However since the prediction was made the Arctic has seen a very muted June melt. This can be seen in the anomalies of CT Area and NSIDC Extent, 2014 is in red. Anomalies calculated using the 1980 to 1999 average.

The following graphic is calculated by deducting the NSIDC extent on each day for the previous years from the extent in 2014, giving the state with respect to those past years.

Looking at the difference between 2014 and other years shows how far behind the post 2010 years (2010 to 2012) we currently are, I am of course excluding 2013 because that was due to weather and tells us little about area and extent changes with respect to ice state. The 2010 volume loss event saw a drop in thickness and the start of anomalously large spring melts in PIOMAS. Anomalies calculated using the 1980 to 1999 average.

Clearly as of data to 31 May, 2014 has exhibited the start of a similar spring melt to the other post 2010 years, how will this have evolved? I haven't a clue given the state of the ice so far in June, but it is worth noting that even 2013, a year of poor melt, showed the same behaviour. Against that must be considered the fact that after 2010 June extent losses have increased (graph), this seems hard to expect for this June, also the spring melt comes to an end around the June solstice, which is about now. The June PIOMAS data will be critical to deciding what the rest of the season may hold.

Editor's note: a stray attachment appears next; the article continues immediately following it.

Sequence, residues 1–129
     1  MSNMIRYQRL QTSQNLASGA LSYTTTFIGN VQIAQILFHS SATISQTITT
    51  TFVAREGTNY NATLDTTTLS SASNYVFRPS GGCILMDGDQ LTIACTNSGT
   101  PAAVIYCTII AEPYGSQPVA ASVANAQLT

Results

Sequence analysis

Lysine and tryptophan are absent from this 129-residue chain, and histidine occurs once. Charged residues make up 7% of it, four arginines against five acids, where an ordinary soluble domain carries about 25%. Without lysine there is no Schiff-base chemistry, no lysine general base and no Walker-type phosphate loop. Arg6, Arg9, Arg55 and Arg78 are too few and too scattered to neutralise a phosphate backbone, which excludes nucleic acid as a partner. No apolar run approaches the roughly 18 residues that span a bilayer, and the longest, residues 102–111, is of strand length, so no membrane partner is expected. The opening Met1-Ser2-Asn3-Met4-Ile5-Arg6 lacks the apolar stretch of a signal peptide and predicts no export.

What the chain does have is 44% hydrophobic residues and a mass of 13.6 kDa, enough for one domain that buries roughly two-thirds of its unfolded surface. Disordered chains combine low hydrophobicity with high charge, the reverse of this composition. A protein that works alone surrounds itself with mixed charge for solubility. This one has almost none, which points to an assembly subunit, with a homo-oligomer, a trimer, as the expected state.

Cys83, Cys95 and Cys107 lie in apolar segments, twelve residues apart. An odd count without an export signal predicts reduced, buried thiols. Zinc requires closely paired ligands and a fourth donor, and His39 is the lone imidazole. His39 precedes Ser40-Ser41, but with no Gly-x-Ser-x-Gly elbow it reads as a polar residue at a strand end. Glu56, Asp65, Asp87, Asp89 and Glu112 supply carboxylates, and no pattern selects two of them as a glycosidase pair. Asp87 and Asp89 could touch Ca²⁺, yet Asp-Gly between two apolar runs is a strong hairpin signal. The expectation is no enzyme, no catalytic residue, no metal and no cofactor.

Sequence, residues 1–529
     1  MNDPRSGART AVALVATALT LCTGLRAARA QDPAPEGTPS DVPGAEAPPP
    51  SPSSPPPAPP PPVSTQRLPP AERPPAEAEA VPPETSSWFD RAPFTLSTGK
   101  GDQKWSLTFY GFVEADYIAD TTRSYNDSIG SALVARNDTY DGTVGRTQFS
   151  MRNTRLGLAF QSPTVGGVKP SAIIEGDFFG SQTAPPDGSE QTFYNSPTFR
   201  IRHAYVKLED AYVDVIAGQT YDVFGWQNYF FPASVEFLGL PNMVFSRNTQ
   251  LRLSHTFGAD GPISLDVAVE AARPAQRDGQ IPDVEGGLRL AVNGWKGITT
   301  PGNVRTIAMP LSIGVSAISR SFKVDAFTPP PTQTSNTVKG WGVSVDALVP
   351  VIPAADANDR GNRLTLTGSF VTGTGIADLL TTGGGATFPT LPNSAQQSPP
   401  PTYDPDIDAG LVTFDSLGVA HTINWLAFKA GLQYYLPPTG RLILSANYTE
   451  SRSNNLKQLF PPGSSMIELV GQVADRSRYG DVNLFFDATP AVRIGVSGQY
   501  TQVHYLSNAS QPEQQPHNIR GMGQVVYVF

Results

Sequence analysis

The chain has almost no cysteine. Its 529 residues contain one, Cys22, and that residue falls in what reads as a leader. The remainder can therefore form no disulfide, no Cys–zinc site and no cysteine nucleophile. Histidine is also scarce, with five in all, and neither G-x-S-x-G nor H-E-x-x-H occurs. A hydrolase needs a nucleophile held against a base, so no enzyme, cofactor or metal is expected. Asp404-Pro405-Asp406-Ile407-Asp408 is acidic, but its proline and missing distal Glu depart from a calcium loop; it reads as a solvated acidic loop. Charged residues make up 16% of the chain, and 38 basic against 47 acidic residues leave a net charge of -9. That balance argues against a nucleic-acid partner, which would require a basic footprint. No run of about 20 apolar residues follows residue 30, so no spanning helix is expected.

However the weather is changing in the Arctic.

The following three plots show NCEP/NCAR surface temperature anomalies for 2014, 2013 and 2012.

Clearly early June conditions were much warmer in June 2012, with 2013 and 2014 being similarly cold. However last Wednesday (only two days ago), there was a shift in atmospheric circulation which forecasts up to ten days indicate will persist in general form, with the Arctic Ocean tending to be high pressure and the Siberian coast tending to be low pressure. This is the pattern that has dominated the Arctic through 2007 to 2012, with 2013 breaking that run of years.